Like fader mixers there’s also a lot of bad rotaries around. But I’d say the flow of just having to do the same action for everything appeals to me the most. I’ll use whatever mixer clubs give me. I like it that way because I get to explore different techniques with every mixer. I don’t really have a favourite one, but a Condesa Lucia is close to being my favourite. I don’t think there’s such a thing as the best mixer, it’s a matter of taste. Some people like a very clean, flat sound response, some people like something that adds a bit more colour. This is usually also where they differ from each other – sound colouring. What I’ve noticed is that if I play a rack version rotary, I start to mix slower and put more care into my mixes.
[quote text=”Using rotaries, you have to be a bit more focussed, although when you’re used to it it’s the same as any other mixer.”]
I’d say if you’re a turntablist rotaries are not really for you – you can cut pretty easy with a rotary but not to the extent that you can juggle channels around. The more general advantages are that your mixes will become very smooth if done correctly. If it’s a good rotary that’s tuned for the system, the sound quality and punch it will add are great.
Using rotaries, you have to be a bit more focussed, although when you’re used to it it’s the same as any other mixer. You can use an isolator to make some nice transitions or keep it clean. They usually force me to think about my track selection and the combinations I make as you don’t usually have a full EQ cut per channel as on most mixers. It does force you to go back to basics.
AYBEE ON LOLLIPOP HEADPHONES
Deep and spiritual house artist Aybee loves the smoothness of using a custom lollipop headphone.
I was introduced to the lollipop when I joined the old Nulife crew back in San Francisco early last decade. Everyone had one. They all were descendants from the NY Shelter/Sound Factory Bar era so it was the tool of choice. On the same day I was handed a lollipop, I stepped up to a Bozak mixer, and the sound was coming through a pair of Klipsch La Scala speakers. The game was never the same after that.
After the first mix I was sold. It was different, but I felt like I had more control. It was smooth. What appeals to me is that you get the mix set then pull the headphone away as needed. Very smooth. No need to pull the headphones off your ears, which is how I broke two pairs of my previous headphones.
[quote text=”I think lollipops are now a total fetish. It’s like, ‘Look at me, I’m special! I’m more than you!'”]
I think it’s more of a comfort thing, not really about sound quality. Since I built up years of muscle memory with one I am far more comfortable with it. But I can’t say it helps you mix better! I found that when I moved to Berlin – the power and acoustic differences in certain booths definitely pushed me off of mine. Coupled with ear damage I sustained, that made me fall back on headphones.
It’s a myth that your neck hurts using lollipops. I hold it to my ear, keep my neck straight and do the work with the free hand. It’s not efficient, but like I said you get the rhythm over time. Mine was made in 2003 by David Meza out of LA, who runs Duo Audio. He can take the headphone of your liking and convert it into a lollipop. He was the first guy to add the XLR cord so that you could replace it easy.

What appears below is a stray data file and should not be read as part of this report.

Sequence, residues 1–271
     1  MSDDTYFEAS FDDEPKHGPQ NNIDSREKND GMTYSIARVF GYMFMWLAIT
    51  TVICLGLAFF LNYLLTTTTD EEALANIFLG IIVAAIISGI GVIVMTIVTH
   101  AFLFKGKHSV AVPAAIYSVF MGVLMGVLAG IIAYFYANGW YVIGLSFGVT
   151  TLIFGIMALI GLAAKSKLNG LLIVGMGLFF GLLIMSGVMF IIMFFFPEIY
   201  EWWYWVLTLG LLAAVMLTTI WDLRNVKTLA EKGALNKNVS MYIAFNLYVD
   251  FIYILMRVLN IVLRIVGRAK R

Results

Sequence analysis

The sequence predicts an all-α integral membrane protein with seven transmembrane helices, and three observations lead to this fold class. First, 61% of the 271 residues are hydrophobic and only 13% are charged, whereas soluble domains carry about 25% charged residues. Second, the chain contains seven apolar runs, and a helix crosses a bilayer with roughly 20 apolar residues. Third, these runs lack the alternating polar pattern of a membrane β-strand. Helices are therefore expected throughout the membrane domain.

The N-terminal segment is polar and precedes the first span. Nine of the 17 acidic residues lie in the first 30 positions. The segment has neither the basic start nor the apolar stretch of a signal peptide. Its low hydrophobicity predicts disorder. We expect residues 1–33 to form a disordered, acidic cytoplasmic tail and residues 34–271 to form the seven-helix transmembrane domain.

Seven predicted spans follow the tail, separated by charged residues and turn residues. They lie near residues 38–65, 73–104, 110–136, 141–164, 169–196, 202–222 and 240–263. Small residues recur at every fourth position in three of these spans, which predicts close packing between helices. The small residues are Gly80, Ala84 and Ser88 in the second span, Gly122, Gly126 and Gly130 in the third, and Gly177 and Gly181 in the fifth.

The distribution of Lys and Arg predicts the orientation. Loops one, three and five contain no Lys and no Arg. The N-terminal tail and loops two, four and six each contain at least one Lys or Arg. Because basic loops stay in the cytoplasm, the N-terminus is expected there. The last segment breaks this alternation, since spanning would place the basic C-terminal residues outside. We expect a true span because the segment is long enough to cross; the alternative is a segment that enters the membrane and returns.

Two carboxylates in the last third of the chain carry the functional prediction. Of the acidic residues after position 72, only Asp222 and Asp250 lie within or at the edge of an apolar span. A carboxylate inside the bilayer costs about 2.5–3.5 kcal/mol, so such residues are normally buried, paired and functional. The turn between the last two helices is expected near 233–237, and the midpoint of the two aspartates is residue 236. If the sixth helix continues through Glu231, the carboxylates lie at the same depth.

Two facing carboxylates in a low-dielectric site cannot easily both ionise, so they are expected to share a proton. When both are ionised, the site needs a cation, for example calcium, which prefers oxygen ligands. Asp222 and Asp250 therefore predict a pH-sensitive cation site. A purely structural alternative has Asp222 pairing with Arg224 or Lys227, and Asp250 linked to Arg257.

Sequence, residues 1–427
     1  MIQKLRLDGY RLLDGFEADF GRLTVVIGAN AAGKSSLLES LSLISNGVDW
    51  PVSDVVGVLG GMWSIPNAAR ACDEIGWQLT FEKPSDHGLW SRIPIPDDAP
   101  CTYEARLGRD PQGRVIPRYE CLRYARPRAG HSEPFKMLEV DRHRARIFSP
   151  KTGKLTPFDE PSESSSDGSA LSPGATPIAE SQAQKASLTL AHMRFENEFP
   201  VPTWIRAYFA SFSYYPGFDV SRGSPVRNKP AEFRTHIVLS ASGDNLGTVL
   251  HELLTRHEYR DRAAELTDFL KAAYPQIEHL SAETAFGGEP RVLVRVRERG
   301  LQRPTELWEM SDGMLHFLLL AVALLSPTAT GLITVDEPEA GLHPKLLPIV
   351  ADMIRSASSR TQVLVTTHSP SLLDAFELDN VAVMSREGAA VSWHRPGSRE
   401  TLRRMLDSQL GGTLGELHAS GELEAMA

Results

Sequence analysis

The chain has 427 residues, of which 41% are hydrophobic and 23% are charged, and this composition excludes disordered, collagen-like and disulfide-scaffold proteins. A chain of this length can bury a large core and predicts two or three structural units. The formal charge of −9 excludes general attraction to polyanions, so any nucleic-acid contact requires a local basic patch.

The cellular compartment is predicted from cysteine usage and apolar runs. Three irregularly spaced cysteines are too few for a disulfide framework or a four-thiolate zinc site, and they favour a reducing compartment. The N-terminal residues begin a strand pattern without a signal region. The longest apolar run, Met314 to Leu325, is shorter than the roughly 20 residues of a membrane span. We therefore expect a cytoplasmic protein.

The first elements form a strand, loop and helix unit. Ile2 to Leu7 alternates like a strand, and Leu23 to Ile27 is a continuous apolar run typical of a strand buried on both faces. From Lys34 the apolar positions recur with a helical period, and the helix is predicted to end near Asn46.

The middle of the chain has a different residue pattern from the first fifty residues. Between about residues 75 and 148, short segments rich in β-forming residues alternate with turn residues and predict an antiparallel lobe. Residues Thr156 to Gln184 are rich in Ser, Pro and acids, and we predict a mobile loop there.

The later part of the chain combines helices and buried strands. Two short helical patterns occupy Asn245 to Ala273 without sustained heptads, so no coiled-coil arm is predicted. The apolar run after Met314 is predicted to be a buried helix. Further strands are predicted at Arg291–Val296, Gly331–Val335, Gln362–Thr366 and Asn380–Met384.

I think lollipops are now a total fetish, as with many [unusual pieces of DJ equipment]. It’s like, “Look at me, I’m special! I’m more than you!” It’s funny because four years ago my agent said I might as well take those Ureis, Bozaks and Vestax R1 mixers out of my rider because no one in the EU will have them. I remember other DJs curiously laughing at my lollipop… Funny how times change.
RYAN SHAW ON ROTARY MIXERS
Ryan has custom built his own rotary, the Radius 2, with Andy Rigby-Jones of Union Audio.
I think that rotary mixers have gained popularity again recently because more people want to have better sounding setups at home. I deal with customers on a daily basis who are interested in audio upgrades and central to the setup is usually a rotary mixer. Going back to the 70s and the original disco era, DJs like Larry Levan of the Paradise Garage in New York were obsessed with sound; Larry’s choice was to play disco through a rotary mixer and a great sound system.
With disco being the genre of choice for many DJs, it’s a natural movement to want to play these records as the original DJs did back in the 70s. It’s not all about disco though; lots of genres have adopted the rotary way of mixing. There is something great about having a bag of records, a rotary mixer and good sound that seems more pure than using faders.
[quote text=”DJs like Larry Levan were obsessed with sound; Larry’s choice was to play disco through a rotary mixer and a great sound system.”]
I speak with customers every day who don’t want to meddle too much with their music, they just want to hear their records sound as good as they can and mix them using a quality piece of audio equipment. I believe there is plenty of space in the market for DJ mixers with lots of effects, but for me it’s more about the quality of sound reproduced.
Having used every mixer under the sun with lots of features I didn’t use, I wanted to make something really simple with emphasis on the sound. For instance, there isn’t any EQ on each channel of the Radius 2; in its place is a natural-sounding high-pass filter which enables the user to create really seamless mixes. The master EQ on the mixer is then used to add or subtract frequencies to get the balance right when the music is playing through the speakers. The master EQ is also used as an isolator, giving the DJ lots of scope in the mix. The Radius 2 has a fully symmetrical audio path, originally developed for ultra high-end 70s recording desks, and this topology contributes to the superb transparency of the mixer.